ANNALS OF IBADAN POSTGRADUATE MEDICINE
The Annals of Ibadan Postgraduate Medicine (Journal of the Association of Resident Doctors, U.C.H. Chapter) is published bi-annually.
A.J. Fasunla1 , Y. Thairu2 , H. Salami3 and T.S. Ibekwe4
Introduction: The pathophysiology of COVID-19 is evolving. We investigated self-reported sudden loss of sense of smell and taste, and otologic disorders among COVID-19 patients.
Methods: This was a case-control olfaction, gustation and otology study of COVID-19 RT-PCR tested adults. The study took place at the isolation centers for COVID-19 positive individuals in Abuja and Ibadan, among the epicenters of the disease in Nigeria. The participants were 46 COVID-19 positive adults and 46 COVID-19 negative adults. They responded to a validated online questionnaire-based on olfactory, gustatory and auditory loss. Chi-square tests and correlation analysis was done. Level of significance was at P<0.05.
Results: Among cases, sudden loss of smell, taste and hearing were reported by 14 (30.4%), 8 (17.4%) and 5 (10.9%) cases respectively during the COVID19 infection. First symptom was loss of smell in 7 (15.2%) and loss of taste in 2 (4.3%) cases. The controls did not present with any of the symptoms. There was no significant correlation between loss of smell and age (r = 0.023, p=0.879); sex (r = -0.132, p=0.382) and co-morbidities (r = -0.028, p = 0.857). Similarly, there was no significant correlation between loss of taste and age (r = 0.052, p = 0.732); sex (0.040, p = 0.792) and co-morbidities (r = -0.014, p = 0.925).
Conclusion: Sudden loss of smell and taste are commoner among COVID - 19 positive adults than those without the infection in Nigeria. There is evidence of associated reduction in hearing acuity but further study with objective audiometric testing is recommended.
Keywords: Anosmia, Ageusia, Coronavirus, Chemosensory dysfunction, Hearing loss, Otology, COVID-19 pandemic, SARS-CoV-2
Prof. T.S. Ibekwe
Department of Otorhinolaryngology,
University of Abuja and
University of Abuja Teaching Hospital,
Corona virus disease-2019 (COVID-19) is an RNAviral syncytial respiratory disease caused by severe acute respiratory syndrome coronavirus-2 (SARS-CoV-2). COVID-19 was first reported in Wuhan, China at the twilight of 2019 and declared a pandemic by the World Health Organisation (WHO) in March 2020. The epidemiology and management of this illness is still evolving resulting in the recent recognition of smell and taste disorders as “minor” clinical presentations in COVID-19 patients by the WHO, Centres for Disease Control and Prevention (CDC) and other global health organizations.1
Coronavirus is a highly virulent and contagious organism with an incubation period of about 2 weeks within which asymptomatic patients can transmit the disease. It is difficult to identify carriers and asymptomatic patients during the incubation period hence the prescribed stringent measures such as social distancing, hand washing, wearing of face masks, etc., to prevent, control, and contain its spread.2
Common symptoms of COVID-19 were fever, difficulty with breathing and cough. Early presentations with loss of smell (anosmia) and/or taste (ageusia) in mild and moderate cases of COVID-19 could be a red-flag and veritable tool for early diagnosis.3 It is true that several diseases caused by viruses such as Herpes Simplex, Rhinoviruses, Measles, Epstein-Barr, Chicken pox and other Coronaviruses present with varying degrees of anosmia, rhinorrhoea and nasal blockage.4,5 Sometimes these triad is associated with ageusia. However, the anosmia and ageusia associated with COVID-19 is typically without rhinorrhoea or nasal blockage.6 In addition, patients with COVID-19 have more than 10-fold chance of developing ageusia and anosmia compared to other flu-like diseases.7 Variable reports on anosmia and ageusia in COVID19 patients were documented in different parts of the world with the exception of Africa.3,5-9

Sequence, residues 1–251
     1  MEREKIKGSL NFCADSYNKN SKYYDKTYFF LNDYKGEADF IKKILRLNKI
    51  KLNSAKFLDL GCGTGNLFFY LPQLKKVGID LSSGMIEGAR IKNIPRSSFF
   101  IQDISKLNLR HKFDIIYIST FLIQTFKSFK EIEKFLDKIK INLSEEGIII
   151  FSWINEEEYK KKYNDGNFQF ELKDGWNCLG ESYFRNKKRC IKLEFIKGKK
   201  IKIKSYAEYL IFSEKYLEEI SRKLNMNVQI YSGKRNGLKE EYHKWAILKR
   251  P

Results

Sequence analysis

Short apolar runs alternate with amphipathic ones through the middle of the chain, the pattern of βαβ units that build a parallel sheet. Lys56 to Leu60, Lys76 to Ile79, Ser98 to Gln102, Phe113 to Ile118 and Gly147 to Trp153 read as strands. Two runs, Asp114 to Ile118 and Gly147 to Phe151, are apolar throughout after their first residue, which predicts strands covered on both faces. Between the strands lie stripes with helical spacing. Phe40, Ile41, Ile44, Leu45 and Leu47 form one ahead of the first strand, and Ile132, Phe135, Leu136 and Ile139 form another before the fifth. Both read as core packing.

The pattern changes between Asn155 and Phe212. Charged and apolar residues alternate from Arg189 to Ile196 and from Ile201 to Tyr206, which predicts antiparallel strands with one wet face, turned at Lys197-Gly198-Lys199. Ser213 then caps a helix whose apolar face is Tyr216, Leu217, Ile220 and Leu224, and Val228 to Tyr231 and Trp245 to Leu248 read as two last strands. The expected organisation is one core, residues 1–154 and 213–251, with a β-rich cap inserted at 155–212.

SARS-CoV-2 infects human through the nasal cavity, oral cavity and conjunctiva. The respiratory epithelium and its supporting olfactory cells are rich in Angiotensin Converting Enzyme-2 (ACE2). This feature makes them serve as reservoir for the replication of the SARSCOV-2 virus because the spike (S) proteins on their cell walls called protease transaminase protease serine-2 (TMPRSS2) have strong affinity for ACE2.3 This interaction initiates an inflammatory process in the olfactory and respiratory epithelium. Contiguous anatomical relationship and similarity in the epithelial cells of the nasal cavities/nasopharynx, the Eustachian tube and the middle ear strongly suggest a middle ear cleft susceptibility to COVID-19. Above all, SARSCOV-2 has been isolated in the middle ear spaces and mastoid cavities of COVID-19 patients.10 The exact pathophysiology of loss of smell and taste in COVID19 is not known. However, nasal mucosa inflammation, damage to olfactory receptors and infection of the olfactory bulb, nerve and smell center in the brain have been suggested as the possible mechanisms.11-13 Any or all of these three mechanisms may be possible for loss of smell and by extension taste in the COVID-19 though subject to further investigation. To the best of our knowledge, there has not been any clinical report on otologic manifestations of COVID-19 at the time of design of this research. To this end, we set out to explore the features of self-reported anosmia, ageusia and otological disorders among COVID-19 patients.